Introduction Whereas gastroenterology and upper GI surgery have largely abandoned barium swallow for diagnostic purposes, ENT surgeons still request barium swallows to investigate patients with “high dysphagia”. We analysed these from a cost effective point of view.
Method All Barium Swallows requested by ENT surgeons as the primary investigation of “dysphagia” over a two year period were retrospectively reviewed. Requests were filtered to only include ENT requests with dysphagia as the clinical indication. Whether these patients went on to OGD was also determined.
Results 246 Barium Swallows were completed between January 2013 to December 2014. 51% (126) were reported as normal, and the most common diagnoses were gastro-oesophageal reflux (44), hiatus hernia (45) and oesophageal dysmotility (31). Pharyngeal pouch was diagnosed in nine patients. No patients had hypopharyngeal tumours.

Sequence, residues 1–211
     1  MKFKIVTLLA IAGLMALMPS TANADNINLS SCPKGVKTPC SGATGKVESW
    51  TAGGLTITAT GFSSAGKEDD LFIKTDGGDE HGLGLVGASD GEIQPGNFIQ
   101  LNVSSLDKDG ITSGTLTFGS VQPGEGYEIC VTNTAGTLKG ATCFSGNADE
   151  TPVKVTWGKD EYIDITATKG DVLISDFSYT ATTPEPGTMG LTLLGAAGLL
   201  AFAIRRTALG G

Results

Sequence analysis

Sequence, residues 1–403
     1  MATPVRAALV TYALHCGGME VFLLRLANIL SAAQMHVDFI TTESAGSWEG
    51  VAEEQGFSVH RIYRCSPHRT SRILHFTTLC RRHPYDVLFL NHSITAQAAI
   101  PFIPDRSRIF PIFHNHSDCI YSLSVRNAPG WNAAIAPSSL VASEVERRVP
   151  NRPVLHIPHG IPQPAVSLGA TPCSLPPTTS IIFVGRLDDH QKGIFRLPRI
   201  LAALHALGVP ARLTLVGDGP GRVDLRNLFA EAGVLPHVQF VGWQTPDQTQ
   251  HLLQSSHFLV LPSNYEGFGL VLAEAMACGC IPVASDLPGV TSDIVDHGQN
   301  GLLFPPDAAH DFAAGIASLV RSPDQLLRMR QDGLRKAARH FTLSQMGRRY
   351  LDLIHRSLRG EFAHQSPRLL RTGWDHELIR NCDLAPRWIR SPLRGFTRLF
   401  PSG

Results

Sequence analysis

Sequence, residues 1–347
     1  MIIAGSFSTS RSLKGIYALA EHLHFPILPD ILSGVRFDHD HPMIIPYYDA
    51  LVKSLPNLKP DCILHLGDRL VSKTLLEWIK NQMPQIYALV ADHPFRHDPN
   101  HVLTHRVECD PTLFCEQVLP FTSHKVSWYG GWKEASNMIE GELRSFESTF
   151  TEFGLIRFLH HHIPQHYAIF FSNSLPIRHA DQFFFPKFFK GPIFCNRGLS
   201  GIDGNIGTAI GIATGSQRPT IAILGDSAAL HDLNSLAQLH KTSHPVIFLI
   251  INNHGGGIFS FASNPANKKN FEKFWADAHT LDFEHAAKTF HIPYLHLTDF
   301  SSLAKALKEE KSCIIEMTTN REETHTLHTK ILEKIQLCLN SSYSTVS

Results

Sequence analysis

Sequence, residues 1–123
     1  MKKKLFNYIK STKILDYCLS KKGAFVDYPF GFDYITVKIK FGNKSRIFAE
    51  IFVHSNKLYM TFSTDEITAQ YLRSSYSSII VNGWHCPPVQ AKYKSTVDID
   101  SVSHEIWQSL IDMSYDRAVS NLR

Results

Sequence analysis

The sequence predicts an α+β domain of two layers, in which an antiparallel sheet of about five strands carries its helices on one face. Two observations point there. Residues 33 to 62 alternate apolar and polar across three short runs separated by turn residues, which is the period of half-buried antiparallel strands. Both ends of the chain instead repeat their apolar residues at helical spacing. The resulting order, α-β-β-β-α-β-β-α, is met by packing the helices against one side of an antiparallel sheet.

Suspicion of oesophago-gastric malignancy was reported in 16 patients with four patients subsequently confirmed to have oesophageal cancer on OGD. The average wait in these patients from request of Barium Swallow to histological diagnosis was 37 days, breaching the 31 day target.
72 Patients (26%) went on to have an OGD, and this provided additional diagnostic information in 56% (40) including Barrett’s Oesophagus in 4%. If all patients had been initially investigated with OGD, instead of Barium Swallow, a net saving of £1,400 would have been made.
Conclusion Diagnostic barium swallow for dysphagia delays diagnosis of oesophageal cancer and overall is more expensive than the preferred definitive OGD.
Disclosure of interest None Declared.